Photo by from Pexels

If you want to find out more about teaching students about their digital identity, read Character Education For The Digital Age. There are many more great resources out there and they will be ever changing. I find it important for teachers to stay knowledgable about social media trends. What do you think is the biggest challenge facing today’s youth in this digital age?

Clear the Desk and Digital Clutter

I have my desk back! I am working on decluttering my home and I have finally gotten to my desk.  In following the KonMari method, the challenge this week is to sort paper. I thought it best to start with my desk. The past two University semesters had crazy workloads and “stuff” piled up on my desk. As the end of the winter semester approached everything was ending up on my desk. When the semester was finally over, I needed a breather and walked away from my desk. I am now asking myself why did I not just take an afternoon and clear my desk. I HATE CLUTTER! Of course, to my defence, we did have three weekends of dance recitals and competitions along with other family commitments and I started two spring classes. The good part is the job is now done! Moving forward, my desk will not be a dumping ground. To see the before picture check out my first decluttering post.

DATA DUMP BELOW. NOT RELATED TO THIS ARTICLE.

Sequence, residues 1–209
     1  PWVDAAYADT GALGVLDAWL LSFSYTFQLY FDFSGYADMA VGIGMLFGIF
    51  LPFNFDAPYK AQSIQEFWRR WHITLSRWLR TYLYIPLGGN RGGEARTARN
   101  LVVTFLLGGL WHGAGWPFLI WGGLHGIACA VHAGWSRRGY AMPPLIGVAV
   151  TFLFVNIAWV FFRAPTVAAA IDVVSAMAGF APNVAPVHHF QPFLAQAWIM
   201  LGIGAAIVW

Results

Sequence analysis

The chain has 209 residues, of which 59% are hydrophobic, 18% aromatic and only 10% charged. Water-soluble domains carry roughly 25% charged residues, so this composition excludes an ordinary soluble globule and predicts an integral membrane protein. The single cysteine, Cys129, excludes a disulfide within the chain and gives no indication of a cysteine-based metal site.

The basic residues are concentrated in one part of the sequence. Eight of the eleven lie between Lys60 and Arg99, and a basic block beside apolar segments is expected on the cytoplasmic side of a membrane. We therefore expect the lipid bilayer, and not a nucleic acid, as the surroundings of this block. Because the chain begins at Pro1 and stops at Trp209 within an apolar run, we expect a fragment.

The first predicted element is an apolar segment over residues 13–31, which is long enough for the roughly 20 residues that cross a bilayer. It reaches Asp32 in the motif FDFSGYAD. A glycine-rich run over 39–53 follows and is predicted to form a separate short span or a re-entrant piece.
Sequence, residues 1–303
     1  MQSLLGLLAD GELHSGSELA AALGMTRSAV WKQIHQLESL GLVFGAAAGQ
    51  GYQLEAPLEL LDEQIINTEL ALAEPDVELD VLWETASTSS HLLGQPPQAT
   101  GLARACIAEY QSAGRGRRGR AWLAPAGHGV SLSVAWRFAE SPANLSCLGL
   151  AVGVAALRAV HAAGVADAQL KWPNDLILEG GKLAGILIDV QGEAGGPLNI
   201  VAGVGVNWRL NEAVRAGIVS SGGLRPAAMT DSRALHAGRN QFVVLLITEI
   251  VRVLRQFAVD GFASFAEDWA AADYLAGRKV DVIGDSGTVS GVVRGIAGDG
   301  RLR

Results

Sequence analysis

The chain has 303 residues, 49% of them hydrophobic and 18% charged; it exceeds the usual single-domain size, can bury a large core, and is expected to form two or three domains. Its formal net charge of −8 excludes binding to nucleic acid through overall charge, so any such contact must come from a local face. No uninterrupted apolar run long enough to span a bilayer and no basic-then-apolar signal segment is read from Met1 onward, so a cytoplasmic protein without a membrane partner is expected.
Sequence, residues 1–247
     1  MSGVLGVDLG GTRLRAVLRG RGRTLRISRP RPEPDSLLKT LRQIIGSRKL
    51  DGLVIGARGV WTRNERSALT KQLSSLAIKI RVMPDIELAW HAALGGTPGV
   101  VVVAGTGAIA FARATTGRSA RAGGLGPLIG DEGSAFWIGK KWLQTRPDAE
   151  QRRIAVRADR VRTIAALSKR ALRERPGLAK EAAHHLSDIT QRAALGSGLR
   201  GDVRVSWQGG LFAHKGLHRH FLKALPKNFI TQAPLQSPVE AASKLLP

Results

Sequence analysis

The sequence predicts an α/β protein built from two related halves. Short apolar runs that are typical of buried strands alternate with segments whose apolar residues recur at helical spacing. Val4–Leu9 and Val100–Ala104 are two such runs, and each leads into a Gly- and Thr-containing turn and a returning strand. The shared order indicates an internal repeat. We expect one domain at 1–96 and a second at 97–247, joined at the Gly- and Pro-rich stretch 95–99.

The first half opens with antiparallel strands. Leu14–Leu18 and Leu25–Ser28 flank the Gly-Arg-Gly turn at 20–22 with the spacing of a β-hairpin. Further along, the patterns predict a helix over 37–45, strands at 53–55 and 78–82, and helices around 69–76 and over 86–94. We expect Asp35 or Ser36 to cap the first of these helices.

My favourite find on my desk was a gift from Denise Lovas and her Grade 5 class where I pre-interned this winter. She purchased a book and had all the students write a message…so sweet! I do not trust my youngest to not colour in it once she sees other pen marks so I am keeping it off the main bookshelf for now. It does come out occasionally at story time though.